Conservative treatment with a scrotal support and NSAIDs may suffice for an older man who has completed his family and who presents with minor scrotal discomfort as his only symptom.

 

Microsurgical Varicocelectomy

 

Microsurgical varicocelectomy has become the gold standard in adults because of low recurrence and postoperative hydrocele rates (5).

The goals of varicocele repair are to relieve pain in symptomatic cases and to improve semen parameters, testicular function, and pregnancy rates in couples with male factor infertility associated with varicocele. Studies have shown that varicocele repair can improve all three of these parameters in

60 to 80 % of men (6). In addition, varicocelectomy has been reported to improve sperm DNA integrity and stability (7;8). This in turn has been found to be associated with a higher pregnancy rate (9). In infertile men with low serum testosterone levels, microsurgical varicocelectomy has been shown to improve serum testosterone levels (10).

There are a number of different techniques available however it is important to use a technique that minimizes the risk of complications and recurrence.

 

Figure 2. Retroperitoneal, inguinal, and subinguinal incisions for varicocele repairs. A dot is made to mark the external inguinal ring (X).

 

etroperitoneal, inguinal

Figure 2. Retroperitoneal, inguinal, and subinguinal incisions for varicocele repairs. A dot is made to mark the external inguinal ring (X).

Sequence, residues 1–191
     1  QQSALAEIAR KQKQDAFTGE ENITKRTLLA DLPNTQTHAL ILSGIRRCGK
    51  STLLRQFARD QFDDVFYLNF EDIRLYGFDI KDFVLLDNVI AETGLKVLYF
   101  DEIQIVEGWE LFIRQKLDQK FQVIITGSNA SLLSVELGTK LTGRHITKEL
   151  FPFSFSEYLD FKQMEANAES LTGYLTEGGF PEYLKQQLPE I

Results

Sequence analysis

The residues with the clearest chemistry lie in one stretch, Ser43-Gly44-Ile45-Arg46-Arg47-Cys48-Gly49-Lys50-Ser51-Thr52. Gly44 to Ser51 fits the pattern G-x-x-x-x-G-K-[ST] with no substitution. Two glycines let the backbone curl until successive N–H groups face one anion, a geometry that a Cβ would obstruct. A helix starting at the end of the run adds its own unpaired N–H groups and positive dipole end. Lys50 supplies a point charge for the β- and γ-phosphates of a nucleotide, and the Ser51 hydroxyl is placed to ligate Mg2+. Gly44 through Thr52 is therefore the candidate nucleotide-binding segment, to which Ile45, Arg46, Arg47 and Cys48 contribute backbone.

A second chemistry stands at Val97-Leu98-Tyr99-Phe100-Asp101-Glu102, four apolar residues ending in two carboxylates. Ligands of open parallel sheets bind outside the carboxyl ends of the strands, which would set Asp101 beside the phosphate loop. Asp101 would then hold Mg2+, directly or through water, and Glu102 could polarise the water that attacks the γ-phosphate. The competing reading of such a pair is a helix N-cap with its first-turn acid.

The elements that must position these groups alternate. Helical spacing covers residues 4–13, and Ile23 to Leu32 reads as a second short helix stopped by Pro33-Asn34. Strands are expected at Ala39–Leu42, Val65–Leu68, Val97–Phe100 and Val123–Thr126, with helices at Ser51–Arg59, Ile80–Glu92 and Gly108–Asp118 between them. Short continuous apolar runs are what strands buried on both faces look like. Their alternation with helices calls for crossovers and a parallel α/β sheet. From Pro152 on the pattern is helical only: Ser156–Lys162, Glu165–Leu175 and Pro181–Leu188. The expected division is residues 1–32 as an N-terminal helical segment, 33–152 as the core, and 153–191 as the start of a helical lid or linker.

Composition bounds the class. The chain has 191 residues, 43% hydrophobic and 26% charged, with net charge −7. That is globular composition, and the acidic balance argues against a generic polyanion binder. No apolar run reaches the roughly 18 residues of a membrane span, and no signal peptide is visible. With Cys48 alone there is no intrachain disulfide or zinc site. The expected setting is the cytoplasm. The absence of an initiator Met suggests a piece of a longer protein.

The advantages of the microsurgical sub-inguinal approach to varicocele repairs are reliable identification and preservation of the testicular artery or arteries, cremasteric artery or arteries, and lymphatic channels and reliable identification of all internal spermatic veins and gubernacular veins. Delivery of the testis assures direct visual access to all possible routes of venous return, including external spermatic, cremasteric, and gubernacular veins.

Postoperatively, venous return is via the vasal veins, which drain into the internal pudental system and usually have competent valves.

In the largest published study using the microsurgical technique pregnancy rate was 43 % after one year and 69% after 2 years compared to 16% in couples with men who declined surgery and had hormone treatment or used insemination. Moreover, the recurrence rate was only 1% and there were no reports hydrocele or testicular atrophy (11).

Varicocele  diagnosis and treatment Windsor